Elon Musk said he was mistaken that Apple “threatened” to suspend Twitter from the App Store, claiming he met with Apple CEO Tim Cook and cleared the air over the issue.
On Wednesday, Musk tweeted, “Thanks @tim_cook for taking me around Apple’s beautiful HQ” in Cupertino, Calif., along with a 4-second video of a pond. A short time later, he followed up with this: “Good conversation. Among other things, we resolved the misunderstanding about Twitter potentially being removed from the App Store. Tim was clear that Apple never considered doing so.”
Apple did not respond to a request for comment.
The about-face in Musk’s tone came two days after he unleashed several tweets attacking the tech giant. “Apple has also threatened to withhold Twitter from its App Store, but won’t tell us why,” he tweeted Monday, along with alleging Apple has “censored” apps and had mostly stopped advertising with Twitter.
It’s unclear whether Musk and Cook discussed what the former termed the App Store’s 30% “tax” on in-app purchases. According to a report by tech news outlet Platformer, the planned Nov. 29 relaunch of Twitter Blue — which was revamped to provide a “verified” blue check-mark badge — was delayed, and when it becomes available again users may not be able to pay using in-app purchases on iOS devices, in order for Twitter to avoid having to pay Apple’s fees.
Meanwhile, Twitter on Wednesday said it will begin “expanding” recommended content to users — in other words, showing tweets from accounts you don’t follow. “We want to ensure everyone on Twitter sees the best content on the platform, so we’re expanding recommendations to all users, including those who may not have seen them in the past,” the Twitter Support team wrote in a tweet.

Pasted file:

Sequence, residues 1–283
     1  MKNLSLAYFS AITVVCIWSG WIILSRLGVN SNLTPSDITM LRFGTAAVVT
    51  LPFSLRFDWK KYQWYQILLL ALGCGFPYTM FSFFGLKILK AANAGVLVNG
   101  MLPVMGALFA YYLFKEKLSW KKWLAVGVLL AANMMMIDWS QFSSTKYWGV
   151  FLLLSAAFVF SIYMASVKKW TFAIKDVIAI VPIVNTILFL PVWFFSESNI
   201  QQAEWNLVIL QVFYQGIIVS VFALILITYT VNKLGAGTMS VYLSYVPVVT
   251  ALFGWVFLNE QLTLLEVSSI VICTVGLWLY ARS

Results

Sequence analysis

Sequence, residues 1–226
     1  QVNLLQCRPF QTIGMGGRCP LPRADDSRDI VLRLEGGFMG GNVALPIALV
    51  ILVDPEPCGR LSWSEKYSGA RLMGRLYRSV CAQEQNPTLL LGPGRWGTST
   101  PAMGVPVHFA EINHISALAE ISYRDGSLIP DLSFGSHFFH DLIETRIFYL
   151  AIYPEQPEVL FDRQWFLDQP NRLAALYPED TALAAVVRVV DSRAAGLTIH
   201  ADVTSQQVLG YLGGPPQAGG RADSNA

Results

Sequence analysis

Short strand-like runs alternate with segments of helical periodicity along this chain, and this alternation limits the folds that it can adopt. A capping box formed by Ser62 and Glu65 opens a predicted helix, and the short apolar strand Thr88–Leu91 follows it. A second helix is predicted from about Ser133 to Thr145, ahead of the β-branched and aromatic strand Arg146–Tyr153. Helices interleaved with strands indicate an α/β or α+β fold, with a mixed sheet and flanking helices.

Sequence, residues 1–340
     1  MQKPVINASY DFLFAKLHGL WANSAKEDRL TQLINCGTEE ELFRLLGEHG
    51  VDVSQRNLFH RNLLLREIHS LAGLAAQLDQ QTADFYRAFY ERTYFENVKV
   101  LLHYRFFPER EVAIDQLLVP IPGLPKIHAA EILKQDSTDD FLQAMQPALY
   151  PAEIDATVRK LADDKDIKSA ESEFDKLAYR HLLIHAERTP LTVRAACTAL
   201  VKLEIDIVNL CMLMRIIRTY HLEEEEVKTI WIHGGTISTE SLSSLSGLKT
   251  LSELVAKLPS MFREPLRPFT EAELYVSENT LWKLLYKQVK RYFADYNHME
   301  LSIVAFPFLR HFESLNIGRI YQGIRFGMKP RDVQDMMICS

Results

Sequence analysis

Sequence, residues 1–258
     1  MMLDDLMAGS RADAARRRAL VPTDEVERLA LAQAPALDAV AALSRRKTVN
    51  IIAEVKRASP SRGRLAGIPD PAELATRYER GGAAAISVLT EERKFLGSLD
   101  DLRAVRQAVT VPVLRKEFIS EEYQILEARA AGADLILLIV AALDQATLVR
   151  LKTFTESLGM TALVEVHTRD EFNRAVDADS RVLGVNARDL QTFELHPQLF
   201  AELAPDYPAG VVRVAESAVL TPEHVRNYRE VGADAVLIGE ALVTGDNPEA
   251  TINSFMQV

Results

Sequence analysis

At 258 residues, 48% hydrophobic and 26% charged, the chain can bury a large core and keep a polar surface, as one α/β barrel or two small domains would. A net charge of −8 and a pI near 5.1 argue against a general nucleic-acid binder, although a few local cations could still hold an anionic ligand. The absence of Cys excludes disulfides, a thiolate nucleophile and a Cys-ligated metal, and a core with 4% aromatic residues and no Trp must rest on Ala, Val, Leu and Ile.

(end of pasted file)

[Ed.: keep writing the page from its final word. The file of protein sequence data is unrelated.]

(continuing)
In addition, Musk tweeted that “Twitter is purging a lot of spam/scam accounts right now, so you may see your follower count drop.” The billionaire had tried to back out of his $44 billion agreement to buy Twitter by, among other things, alleging that the social network failed to provide evidence to back up its claim that spam and fake accounts represented less than 5% of active users.
It’s been 34 days since Musk closed the Twitter acquisition on Oct. 27, and during that time Musk has dramatically shaken up the company. He fired its senior management (and appointed himself CEO), laying off half of its 7,500-member workforce and reportedly prompting another 1,200-plus employees leave over his demands they commit to an “extremely hardcore” work culture. His ill-fated attempt to revamp Twitter Blue with the blue check-mark perk was halted after a wave of accounts impersonating brands and celebrities caused havoc.
Musk also decided to reinstate Donald Trump’s Twitter account, after the ex-president had been suspended over his role in the Jan. 6, 2021, U.S. Capitol attack. And he declared that Twitter will grant “amnesty” to previously suspended accounts (“provided that they have not broken the law or engaged in egregious spam”).